I started writing journal daily 380 days ago. By having this progress, I find it hard to skip a day. But this attitude can become enormously harmful.
Motivation accumulates over time and forces us to follow through.
Readwise has a leaderboard that lists the people with the most consecutive days of use.
There are some who have used the tool for over 1300 days in a row. My respect goes out to them. But now imagine, if the person on the top position misses one day, for whatever reason. Vacation in the mountains, no internet, a day in the hospital. The person would fall from first place to last place. From one day to the next. After over almost 4 years of work. Imagine that.
How likely is it that the next day that person would think to themself: oh never mind, move on, it’s only 4 years to get to where I’ve been.
The loss is not “one day in an otherwise great journey”. No. It is the fail of the century – with the force of 1300 lost days.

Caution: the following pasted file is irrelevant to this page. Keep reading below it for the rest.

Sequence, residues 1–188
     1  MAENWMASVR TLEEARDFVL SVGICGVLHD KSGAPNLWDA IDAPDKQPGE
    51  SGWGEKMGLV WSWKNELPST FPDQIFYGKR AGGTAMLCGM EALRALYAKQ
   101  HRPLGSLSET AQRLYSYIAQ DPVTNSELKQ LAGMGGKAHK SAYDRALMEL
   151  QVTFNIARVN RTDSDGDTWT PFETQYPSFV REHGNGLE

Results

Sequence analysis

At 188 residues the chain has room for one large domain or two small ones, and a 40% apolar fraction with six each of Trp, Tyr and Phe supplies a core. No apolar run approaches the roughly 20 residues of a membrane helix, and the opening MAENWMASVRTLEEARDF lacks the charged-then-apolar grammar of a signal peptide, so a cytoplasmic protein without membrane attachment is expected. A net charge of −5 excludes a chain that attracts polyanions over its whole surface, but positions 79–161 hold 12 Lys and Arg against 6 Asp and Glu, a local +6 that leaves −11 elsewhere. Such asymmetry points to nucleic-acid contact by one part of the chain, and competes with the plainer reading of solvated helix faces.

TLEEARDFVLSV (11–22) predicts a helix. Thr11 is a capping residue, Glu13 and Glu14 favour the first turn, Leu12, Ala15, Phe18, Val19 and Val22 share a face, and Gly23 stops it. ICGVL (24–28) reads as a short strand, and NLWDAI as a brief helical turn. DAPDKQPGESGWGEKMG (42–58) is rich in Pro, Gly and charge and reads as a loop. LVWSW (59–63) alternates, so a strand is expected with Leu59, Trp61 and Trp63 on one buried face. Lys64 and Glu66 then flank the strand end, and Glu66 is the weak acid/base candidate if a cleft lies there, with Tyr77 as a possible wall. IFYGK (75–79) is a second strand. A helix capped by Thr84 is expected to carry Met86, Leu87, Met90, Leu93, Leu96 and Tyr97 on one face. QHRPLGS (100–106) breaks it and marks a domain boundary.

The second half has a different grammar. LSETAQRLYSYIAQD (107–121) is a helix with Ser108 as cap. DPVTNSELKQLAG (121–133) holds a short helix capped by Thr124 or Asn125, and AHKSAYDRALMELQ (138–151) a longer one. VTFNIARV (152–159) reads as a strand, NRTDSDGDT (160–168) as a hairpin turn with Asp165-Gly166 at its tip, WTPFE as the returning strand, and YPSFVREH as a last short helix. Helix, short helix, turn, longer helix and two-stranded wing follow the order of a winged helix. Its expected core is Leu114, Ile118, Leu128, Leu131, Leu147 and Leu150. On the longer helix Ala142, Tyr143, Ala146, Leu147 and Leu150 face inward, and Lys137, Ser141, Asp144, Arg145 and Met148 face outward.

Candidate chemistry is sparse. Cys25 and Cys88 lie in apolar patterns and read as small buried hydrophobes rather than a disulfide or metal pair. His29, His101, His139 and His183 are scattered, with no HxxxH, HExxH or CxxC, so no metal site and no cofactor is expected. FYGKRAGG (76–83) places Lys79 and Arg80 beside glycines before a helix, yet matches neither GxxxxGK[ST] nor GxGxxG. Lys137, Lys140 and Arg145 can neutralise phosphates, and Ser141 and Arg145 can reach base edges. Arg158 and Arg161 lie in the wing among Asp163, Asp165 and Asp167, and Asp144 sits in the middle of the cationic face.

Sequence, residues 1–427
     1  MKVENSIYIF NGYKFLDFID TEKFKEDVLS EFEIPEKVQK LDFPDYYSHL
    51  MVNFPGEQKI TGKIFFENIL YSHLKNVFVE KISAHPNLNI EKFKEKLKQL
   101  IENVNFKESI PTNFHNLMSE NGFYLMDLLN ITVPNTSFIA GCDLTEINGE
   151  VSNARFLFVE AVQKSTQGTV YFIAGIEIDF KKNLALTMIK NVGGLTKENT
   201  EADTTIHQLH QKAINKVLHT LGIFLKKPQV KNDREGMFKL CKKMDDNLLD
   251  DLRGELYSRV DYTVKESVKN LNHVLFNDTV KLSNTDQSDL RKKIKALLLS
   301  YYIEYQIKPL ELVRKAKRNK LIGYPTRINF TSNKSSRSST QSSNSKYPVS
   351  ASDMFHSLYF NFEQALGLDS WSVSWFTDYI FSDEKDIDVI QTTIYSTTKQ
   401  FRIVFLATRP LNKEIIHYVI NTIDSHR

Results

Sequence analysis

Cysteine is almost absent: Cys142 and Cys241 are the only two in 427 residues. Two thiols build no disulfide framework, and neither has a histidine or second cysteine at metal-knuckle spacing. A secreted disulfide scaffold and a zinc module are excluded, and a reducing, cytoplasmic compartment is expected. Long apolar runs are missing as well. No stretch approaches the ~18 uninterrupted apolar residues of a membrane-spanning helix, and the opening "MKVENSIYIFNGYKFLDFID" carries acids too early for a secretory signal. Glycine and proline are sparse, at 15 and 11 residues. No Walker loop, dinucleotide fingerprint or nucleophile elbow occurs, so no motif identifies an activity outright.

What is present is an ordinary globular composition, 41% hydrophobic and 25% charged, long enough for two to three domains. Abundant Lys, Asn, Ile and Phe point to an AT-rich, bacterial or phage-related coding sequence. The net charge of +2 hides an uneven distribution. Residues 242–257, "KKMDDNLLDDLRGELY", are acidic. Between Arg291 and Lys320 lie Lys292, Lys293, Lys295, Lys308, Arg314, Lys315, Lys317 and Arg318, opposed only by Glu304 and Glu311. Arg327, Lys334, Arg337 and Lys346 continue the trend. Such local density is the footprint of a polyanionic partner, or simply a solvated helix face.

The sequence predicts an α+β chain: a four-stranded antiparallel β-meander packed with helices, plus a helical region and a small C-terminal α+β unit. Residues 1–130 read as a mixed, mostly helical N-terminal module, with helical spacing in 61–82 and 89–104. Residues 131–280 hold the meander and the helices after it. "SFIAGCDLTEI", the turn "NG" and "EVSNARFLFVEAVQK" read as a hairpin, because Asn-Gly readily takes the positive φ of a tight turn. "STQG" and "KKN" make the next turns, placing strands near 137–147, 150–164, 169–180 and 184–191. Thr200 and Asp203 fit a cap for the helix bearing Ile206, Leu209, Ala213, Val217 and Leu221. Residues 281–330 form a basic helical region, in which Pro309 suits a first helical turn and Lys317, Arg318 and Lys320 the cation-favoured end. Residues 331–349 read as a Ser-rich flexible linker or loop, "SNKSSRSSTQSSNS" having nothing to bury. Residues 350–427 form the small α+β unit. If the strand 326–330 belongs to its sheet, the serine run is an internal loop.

Motivation becomes pressure.
Always check if Streaks are just a support for you or if they become an end in themselves!
Let’s say you want to meditate every day. What if you force yourself to meditate every single day. You keep track of the number of days and are proud, but at some point it becomes stressful to always meet the streak when you’re not in condition.
Growing the streak became the habit itself.
And suddenly you realize that the thought of meditation does something completely different to you than relaxation.
Create a fundamental rule for yourself: “It’s okay to skip, but never skip twice!”
People really feel defeated when they miss a day. Here the skill is to ignore the pain this causes and carry on as if nothing had happened. How?
Don’t make the streak a success, but the overall number.
Now if I skipped a day of journaling after a whole year, this is how I would look at it: My progress would be 380 days (-1) and not 0. I am just not where I was a year ago. I am continuously growing in my progress – and that should motivate me!